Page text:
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Canyon Valley, Texas facts for kids

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Canyon Valley, Texas
Ghost town
Pony-truss bridge in Canyon Valley
Pony-truss bridge in Canyon Valley
Map of Texas
Map of Texas
Canyon Valley, Texas
Location in Texas
Map of Texas
Map of Texas
Canyon Valley, Texas
Location in the United States
Country United States
State Texas
County Crosby
Region Llano Estacado
Established 1925
Founded by James A. Shoemaker
2,516 ft (767 m)
Time zone UTC-6 (CST)
Area code 806

Canyon Valley is a ghost town in southern Crosby County, Texas, United States. Today, only a few farms and ranches are scattered across the area.


Canyon Valley is located 25 mi (40 km) south of Ralls in southwestern Crosby County. There is only one road that passes through Canyon Valley and it is unpaved and passes through a low water crossing that is often impassable during wet weather. The nearest paved road is Texas State Highway 207, which passes to the west at a distance of around 3 mi (4.8 km).

Canyon Valley lies below the Caprock, which defines the southeastern edge of the vast Llano Estacado. It lies within the physiographic region known as the Rolling Plains in the highly eroded valley of the Salt Fork Brazos River.


In 1925, James A. Shoemaker brought his family to Crosby County where he bought a quarter section of land three miles south of the small community of Cap Rock. A three-room house was built on the property while the land was cleared for farming. Water was hauled in barrels by wagon from the Salt Fork Brazos River until a well was dug with hand operated tools.

The community grew slowly but by the early 1930s, Canyon Valley had a cotton gin and a general store. The Valley Gin ginned a total of 2,230 bales of cotton in 1934. In 1953, the Commissioners Court proposed a 5 mi (8.0 km) paved road that would have connected the Valley Gin to the "Ralls and Post Highway" (now known as Texas State Highway 207). Unfortunately, the proposed road was rejected by the district highway engineer. Although a paved road was never completed, two steel pony truss bridges were constructed to span Lake Creek and another unnamed dry creek that intermittently becomes a tributary of the Salt Fork Brazos River. The lack of a paved road leading to the community limited the growth of Canyon Valley and, in the late 1950s, the Valley Gin shutdown and consolidated with the gin in nearby Kalgary, Texas.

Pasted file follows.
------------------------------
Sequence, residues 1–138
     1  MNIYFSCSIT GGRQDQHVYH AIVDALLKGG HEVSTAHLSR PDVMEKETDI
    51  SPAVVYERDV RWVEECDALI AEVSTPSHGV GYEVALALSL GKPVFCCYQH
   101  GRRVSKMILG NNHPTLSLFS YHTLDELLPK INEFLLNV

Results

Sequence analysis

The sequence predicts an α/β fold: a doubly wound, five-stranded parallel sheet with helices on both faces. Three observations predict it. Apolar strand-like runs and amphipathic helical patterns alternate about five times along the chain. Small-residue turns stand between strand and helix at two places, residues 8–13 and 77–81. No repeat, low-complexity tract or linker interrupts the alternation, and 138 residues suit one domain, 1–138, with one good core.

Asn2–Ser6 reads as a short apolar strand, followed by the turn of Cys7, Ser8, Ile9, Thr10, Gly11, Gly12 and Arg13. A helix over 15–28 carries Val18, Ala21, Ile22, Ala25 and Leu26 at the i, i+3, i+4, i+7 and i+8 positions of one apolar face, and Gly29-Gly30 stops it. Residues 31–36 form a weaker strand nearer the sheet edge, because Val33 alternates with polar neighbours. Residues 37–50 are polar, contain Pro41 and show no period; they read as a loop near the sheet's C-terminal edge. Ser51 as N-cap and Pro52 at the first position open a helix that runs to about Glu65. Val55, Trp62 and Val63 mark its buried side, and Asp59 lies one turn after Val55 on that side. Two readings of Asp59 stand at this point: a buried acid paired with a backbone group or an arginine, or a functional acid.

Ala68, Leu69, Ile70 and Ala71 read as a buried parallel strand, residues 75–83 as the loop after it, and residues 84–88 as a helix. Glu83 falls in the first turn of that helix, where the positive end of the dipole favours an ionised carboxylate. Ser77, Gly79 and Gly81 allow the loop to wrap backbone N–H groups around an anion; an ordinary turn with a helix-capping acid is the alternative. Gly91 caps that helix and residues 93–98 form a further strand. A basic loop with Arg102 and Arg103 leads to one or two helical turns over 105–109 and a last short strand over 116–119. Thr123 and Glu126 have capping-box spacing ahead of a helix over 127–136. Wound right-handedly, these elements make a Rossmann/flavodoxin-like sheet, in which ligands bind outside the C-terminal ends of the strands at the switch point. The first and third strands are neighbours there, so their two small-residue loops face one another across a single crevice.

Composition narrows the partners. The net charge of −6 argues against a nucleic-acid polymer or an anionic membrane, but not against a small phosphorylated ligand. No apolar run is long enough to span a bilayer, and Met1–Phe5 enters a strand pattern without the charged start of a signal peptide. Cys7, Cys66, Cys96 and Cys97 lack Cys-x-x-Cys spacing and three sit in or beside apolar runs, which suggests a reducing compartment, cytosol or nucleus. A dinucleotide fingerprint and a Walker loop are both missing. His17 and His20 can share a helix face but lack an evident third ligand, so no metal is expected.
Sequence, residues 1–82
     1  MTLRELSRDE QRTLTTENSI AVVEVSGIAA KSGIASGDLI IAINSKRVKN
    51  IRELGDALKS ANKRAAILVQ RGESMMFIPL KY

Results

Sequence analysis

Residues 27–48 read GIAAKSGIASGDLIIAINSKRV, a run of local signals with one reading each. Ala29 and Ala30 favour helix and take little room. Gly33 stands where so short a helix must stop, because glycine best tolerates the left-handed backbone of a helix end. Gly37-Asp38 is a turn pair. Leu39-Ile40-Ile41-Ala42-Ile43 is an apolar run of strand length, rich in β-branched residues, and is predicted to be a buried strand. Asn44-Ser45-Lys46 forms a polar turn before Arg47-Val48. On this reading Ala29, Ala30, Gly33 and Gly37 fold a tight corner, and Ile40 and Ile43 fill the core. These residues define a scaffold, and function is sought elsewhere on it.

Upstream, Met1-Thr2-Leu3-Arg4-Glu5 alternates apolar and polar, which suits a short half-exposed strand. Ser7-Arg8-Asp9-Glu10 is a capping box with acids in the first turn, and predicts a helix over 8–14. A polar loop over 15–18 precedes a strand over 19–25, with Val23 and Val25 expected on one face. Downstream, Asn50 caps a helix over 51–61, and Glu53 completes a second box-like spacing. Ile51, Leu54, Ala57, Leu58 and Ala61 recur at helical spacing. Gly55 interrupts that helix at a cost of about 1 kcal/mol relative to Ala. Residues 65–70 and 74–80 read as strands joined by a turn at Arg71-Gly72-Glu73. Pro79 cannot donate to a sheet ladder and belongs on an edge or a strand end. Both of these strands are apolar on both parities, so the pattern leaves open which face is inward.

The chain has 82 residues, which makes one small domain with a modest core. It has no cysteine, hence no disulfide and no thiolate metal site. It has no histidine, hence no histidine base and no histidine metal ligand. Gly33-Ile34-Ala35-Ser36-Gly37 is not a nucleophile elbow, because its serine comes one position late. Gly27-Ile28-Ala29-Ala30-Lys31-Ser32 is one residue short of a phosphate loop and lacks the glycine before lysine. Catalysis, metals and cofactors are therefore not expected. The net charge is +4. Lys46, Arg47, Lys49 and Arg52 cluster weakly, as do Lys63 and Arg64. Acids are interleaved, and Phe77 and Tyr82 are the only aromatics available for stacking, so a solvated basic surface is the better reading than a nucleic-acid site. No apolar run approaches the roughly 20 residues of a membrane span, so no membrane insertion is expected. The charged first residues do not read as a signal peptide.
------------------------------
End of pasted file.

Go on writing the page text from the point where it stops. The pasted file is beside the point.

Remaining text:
In the early days of Canyon Valley, as more families moved into the area, the number of children grew until enough children were present to justify building a school. In 1926, a one-room schoolhouse was built, and by 1928, a second room was added to the schoolhouse to accommodate the growing student population. The total number of students in Canyon Valley school increased to 66 in 1934, and then reduced to 60 students in 1942. The school served the community until 1947, when it was consolidated with the Cap Rock school to form the Caprock Consolidated Independent School District. A grade school remained in operation at Cap Rock until August 23, 1960, when the district was consolidated with Ralls Independent School District.

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